In early productions of The Merchant of Venice, actors played Shylock as either a monster or an evil clown, enforcing the idea that he is the villain of the play. In many ways he certainly seems to be the antagonist of the story: one of his primary functions is as the obstacle standing between Portia and Bassanio’s wedded bliss. He is described by other characters as obsessed with money, and a cruel father to his daughter, Jessica. Antonio and the other Christians of Venice routinely abuse Shylock, spitting on him and calling him a “cutthroat dog.” Shylock himself seems to relish his role as antagonist, saying about Antonio “I hate him for he is a Christian/… If I can catch him once upon the hip/ I will feed fat the ancient grudge I bear him.” (I.iii.) When Antonio defaults on the loan, Shylock is vindictive, claiming he wants Antonio’s flesh for no practical reason other than spite: “if it will feed nothing else/It will feed my revenge.” Because the play aligns its audience and readers with Portia and Bassanio, it’s difficult to feel sympathy for Shylock when his desires threaten theirs.
However, when we take into account circumstances that took place before the play, as well as what happens over the course of the plot, Shylock begins to seem a like a victim as well as a villain, and his fate seems excessively harsh. In addition to the abuse Antonio and other Christians routinely subject him to, Shylock lost his beloved wife, Leah. His daughter, Jessica, runs away from home with money and jewels she’s stolen from him, including a ring Leah gave him before she died. Although Solanio reports that Shylock’s was equally upset by the loss of his money as his daughter (“My daughter! O my ducats! O my daughter!” (II. Viii.), we must remember that we are getting a second-hand view through the eyes of an anti-Semitic character who compares Shylock to the devil. As we learn from Shylock himself, the Christians of Venice are happy to borrow money from him, but refuse to accept him as part of Venetian society because they equate his religion with Satan. Shylock has been treated as less than human his whole life, because he is not a Christian. Yet when he tries to collect on a loan, the other characters insist that he act like a Christian and forgive the debt.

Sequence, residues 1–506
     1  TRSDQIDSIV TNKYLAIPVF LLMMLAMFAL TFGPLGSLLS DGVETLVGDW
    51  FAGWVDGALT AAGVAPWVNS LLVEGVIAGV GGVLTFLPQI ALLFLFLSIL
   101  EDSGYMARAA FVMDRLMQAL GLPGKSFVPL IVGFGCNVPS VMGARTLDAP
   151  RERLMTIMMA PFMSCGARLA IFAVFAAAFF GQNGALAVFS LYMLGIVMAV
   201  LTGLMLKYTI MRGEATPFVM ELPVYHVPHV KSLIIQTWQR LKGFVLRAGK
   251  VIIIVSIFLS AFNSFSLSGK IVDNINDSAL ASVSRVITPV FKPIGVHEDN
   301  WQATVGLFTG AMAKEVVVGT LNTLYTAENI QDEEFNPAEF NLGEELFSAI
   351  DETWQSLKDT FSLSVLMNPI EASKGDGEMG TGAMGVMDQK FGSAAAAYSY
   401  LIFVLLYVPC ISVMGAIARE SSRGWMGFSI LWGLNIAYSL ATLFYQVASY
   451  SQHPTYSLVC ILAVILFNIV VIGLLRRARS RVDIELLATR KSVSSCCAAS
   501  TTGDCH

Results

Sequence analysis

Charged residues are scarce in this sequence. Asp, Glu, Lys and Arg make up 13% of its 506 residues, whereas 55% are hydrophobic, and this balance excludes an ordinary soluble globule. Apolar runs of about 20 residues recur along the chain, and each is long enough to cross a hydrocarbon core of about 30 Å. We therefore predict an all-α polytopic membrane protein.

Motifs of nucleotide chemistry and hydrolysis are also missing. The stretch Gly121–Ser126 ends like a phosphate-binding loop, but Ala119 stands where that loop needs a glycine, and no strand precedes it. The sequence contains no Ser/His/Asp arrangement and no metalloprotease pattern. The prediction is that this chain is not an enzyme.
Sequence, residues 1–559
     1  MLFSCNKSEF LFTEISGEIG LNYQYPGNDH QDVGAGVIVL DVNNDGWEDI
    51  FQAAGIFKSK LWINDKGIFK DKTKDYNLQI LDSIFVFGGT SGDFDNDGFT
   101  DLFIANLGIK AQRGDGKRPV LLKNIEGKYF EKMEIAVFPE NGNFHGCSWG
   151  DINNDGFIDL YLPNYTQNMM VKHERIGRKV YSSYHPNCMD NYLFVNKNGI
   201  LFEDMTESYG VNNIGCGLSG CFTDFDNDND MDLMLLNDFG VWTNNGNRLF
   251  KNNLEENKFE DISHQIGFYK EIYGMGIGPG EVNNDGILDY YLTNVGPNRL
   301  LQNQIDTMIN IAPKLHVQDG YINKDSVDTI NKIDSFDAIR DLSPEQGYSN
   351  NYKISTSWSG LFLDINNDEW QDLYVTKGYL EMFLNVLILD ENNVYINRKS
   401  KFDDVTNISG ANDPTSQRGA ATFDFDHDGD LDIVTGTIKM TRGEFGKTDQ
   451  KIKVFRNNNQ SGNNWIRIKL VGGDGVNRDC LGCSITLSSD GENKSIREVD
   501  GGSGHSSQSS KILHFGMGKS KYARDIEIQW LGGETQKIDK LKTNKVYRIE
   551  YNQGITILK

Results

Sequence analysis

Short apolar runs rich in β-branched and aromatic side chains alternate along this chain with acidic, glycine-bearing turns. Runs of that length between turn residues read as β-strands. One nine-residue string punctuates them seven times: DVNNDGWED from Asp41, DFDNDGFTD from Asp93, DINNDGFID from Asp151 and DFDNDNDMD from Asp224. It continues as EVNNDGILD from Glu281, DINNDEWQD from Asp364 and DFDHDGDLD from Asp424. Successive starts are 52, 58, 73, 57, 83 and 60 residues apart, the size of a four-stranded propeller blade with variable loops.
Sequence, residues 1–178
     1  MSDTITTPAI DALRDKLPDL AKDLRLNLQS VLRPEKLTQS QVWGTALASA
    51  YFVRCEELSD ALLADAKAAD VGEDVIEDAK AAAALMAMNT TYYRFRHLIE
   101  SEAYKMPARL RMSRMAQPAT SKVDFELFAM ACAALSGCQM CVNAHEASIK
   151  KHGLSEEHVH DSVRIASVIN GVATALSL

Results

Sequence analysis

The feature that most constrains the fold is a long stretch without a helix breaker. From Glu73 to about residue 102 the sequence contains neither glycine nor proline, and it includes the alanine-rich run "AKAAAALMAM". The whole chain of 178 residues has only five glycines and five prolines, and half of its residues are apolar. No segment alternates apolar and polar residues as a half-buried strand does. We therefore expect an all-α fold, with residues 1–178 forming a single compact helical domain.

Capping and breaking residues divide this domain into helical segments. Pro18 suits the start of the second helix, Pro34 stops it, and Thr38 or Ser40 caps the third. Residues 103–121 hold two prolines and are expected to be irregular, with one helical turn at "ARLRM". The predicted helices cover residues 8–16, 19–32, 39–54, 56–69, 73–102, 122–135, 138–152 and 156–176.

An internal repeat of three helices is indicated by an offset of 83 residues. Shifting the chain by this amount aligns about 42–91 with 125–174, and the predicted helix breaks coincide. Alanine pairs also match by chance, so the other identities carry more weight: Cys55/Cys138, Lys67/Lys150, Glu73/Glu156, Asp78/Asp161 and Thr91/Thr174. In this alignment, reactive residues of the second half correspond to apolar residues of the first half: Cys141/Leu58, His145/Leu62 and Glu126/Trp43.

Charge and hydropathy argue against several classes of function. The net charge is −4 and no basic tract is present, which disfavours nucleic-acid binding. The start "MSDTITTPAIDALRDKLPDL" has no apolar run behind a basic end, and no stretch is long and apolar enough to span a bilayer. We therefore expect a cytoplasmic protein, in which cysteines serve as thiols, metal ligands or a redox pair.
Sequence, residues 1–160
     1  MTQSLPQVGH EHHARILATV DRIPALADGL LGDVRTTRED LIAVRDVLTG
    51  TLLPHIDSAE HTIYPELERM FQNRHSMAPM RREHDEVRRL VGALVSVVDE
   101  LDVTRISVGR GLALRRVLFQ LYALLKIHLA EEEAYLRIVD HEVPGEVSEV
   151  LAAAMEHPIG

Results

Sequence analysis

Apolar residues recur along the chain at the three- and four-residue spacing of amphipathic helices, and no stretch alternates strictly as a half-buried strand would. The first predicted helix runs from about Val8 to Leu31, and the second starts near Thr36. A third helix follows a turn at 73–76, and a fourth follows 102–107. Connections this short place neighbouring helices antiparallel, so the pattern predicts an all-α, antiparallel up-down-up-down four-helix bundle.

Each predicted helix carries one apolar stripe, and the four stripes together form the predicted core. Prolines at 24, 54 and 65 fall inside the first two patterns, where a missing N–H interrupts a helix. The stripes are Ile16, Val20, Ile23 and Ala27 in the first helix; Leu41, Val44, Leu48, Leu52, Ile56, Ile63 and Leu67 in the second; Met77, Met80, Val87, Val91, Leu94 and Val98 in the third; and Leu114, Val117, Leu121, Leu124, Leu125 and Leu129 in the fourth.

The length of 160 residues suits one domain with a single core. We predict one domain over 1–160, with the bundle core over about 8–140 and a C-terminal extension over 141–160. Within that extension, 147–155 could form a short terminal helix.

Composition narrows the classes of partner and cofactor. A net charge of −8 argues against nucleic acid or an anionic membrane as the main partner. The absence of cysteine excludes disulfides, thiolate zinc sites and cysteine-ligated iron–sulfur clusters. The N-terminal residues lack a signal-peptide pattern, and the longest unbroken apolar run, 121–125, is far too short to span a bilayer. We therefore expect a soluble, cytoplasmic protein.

Evolving ideas about whether or not Shylock is sympathetic can be traced through the history of the performance itself. While early depictions focused on his obsession with money, nineteenth and twentieth century performances have portrayed the character as a victim of his circumstances and his times. One significant exception was a 1943 Nazi-sponsored production of the play which emphasized Shylock’s villainy to propagate anti-Semitism. But most post-Holocaust stagings of the play have portrayed Shylock as a human, if not entirely sympathetic, character. Writing about a 2010 production of the play starring Al Pacino as Shylock, critic Ben Brantley claimed Shylock “is neither merely the victim nor the villain of this piece; he is instead the very soul of the money-drunk society he serves and despises.” This interpretation suggests the play can be read neither as an indictment of Judaism or anti-Semitism, but rather an exploration of the corrupting effects of money on all the characters, Jewish and Christian alike.